“There’s a place outside of Denver, a mile high and bluebird sky,” I whispered, tapping the end of a pen against my chin. “Son of a bitch,” I thought, “now there’s an opening line…!”
I scribbled the words quickly across the dry edge of my dampened bar napkin and copped a few more of them from the drink caddie; I knew we were onto something, I could feel it. The bartender, Sam, shrugged at me, and I nodded back to him, inviting another beer my way.
We wanted something that immediately painted the picture of where we came from. It felt like both minutes and years since we founded Silo, and things had exploded for us since — two big-budget music videos, world-famous, Grammy-winning mastering engineers from Nashville, and our debut album release just days away. Six months ago, I was an out-of-work car salesman, playing local open mics and wondering how I’d make rent this time. Today, I was listening to the master of our full-length album in first class on a flight to Las Vegas. When Track 4 came up, it took me back.
“Oh, listen to this,” one of our wildly talented guitar players and co-writers said, just minutes away from the recording studio. He fumbled with his phone and then played us a very rough, albeit rather moving, instrumental version of a tune called “Slow Song”, one of these Silo gems which had been in the repertoire for years. In the first fifteen seconds, I knew that we had a radio hit on our hands, and all I had to do was NOT FUCK IT UP.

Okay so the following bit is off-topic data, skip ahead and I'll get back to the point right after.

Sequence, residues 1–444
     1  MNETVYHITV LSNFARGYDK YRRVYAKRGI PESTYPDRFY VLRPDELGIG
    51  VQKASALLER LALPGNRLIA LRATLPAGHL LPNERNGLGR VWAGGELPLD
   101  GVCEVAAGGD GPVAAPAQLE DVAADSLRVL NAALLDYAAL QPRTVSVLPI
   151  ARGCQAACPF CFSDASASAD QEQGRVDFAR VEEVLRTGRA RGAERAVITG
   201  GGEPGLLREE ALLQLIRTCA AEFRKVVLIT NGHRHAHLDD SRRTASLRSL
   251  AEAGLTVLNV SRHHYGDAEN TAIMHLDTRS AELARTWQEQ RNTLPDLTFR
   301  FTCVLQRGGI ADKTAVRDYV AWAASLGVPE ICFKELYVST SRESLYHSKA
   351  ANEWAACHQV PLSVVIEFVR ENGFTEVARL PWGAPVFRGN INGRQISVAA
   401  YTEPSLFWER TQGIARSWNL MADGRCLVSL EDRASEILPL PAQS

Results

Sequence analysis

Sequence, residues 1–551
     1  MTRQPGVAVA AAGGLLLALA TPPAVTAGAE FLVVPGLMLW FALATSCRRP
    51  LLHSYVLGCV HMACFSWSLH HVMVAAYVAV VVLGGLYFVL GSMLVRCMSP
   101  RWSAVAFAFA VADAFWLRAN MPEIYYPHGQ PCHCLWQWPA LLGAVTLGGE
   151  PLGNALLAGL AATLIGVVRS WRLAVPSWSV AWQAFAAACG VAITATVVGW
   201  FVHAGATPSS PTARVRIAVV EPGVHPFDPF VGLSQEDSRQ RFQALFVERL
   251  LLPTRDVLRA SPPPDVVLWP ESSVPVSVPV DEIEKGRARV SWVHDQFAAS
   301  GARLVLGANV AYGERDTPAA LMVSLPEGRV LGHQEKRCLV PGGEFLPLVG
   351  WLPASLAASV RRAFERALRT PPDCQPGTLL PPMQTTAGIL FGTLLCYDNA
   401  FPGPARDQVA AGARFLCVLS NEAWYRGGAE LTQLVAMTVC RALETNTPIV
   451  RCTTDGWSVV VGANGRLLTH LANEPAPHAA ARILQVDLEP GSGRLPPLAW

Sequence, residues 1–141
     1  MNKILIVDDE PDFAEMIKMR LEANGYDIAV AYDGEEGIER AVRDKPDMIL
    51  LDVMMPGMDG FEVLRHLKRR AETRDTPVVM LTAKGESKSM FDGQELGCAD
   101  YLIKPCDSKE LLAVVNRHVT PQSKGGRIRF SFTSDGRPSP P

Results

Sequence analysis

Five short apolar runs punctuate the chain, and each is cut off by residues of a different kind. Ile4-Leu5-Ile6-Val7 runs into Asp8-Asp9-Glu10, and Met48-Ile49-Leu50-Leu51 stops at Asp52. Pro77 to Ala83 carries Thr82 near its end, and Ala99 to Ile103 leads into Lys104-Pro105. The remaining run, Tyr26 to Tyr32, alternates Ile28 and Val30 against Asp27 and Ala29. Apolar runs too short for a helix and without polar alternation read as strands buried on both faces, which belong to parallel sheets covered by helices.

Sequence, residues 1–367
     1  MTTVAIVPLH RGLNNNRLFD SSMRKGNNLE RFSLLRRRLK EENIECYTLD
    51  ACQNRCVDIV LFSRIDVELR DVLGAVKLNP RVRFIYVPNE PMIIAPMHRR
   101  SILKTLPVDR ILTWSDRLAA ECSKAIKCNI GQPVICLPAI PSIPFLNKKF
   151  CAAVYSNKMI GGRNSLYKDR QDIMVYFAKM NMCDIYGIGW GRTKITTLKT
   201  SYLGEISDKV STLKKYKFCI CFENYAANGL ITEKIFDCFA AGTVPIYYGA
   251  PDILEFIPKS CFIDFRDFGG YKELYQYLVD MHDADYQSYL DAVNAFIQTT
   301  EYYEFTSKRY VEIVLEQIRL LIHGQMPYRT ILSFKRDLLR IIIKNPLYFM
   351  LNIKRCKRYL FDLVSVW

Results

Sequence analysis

I hummed a few melodies, pondered lyrical themes, and as we pulled into the studio’s parking lot, we leapt out of the car and hollered to our producer, “WE GOT A HIT!” He slowly blinked at us, with his morning coffee in-hand and waved us inside. Three hours later, the song was tracked, roughly mixed, and finally, it was done.
And it sucked! Not so bad, actually, but it was not up to Silo’s sterling standard.
We eventually 86’d the song, meaning our producer deleted (muted) our initial vocal takes, and we re-uploaded the instrumental track to the band’s Google Drive. This folder, unfortunately, is where songs go to die. Until a few months later, when another co-writer and bandmate and I were at the studio, and we thought we’d give “slow song” one more try…
“There’s a place outside of Denver, a mile high and bluebird sky,” I listened to the words through my headphones, having never listened to my own music on an airplane before. As I saw the colossus of capitalism appear out the window, set against the lifeless desert, I couldn’t help but think that we might just be onto something.
With our second attempt at “Slow Song”, we wanted to embrace a cinematic feeling of where we’re from — and write something that gave the hardcore country album’s tempo a breather. It evolved into something that depicted the crisp mountain air, the romance and seclusion that comes from those cold cabin weekends with your lover, sipping beer, cuddled up next to a crackling fire, and just how clear the sky is after midnight.
“After Midnight” became Silo’s third single released and has since become an anthem for Rocky Mountain love stories. We wanted the song to start as sweet and innocent as possible, something that was a far cry from Silo’s sound thus far, and then let the momentum gather as we finish in true Silo fashion.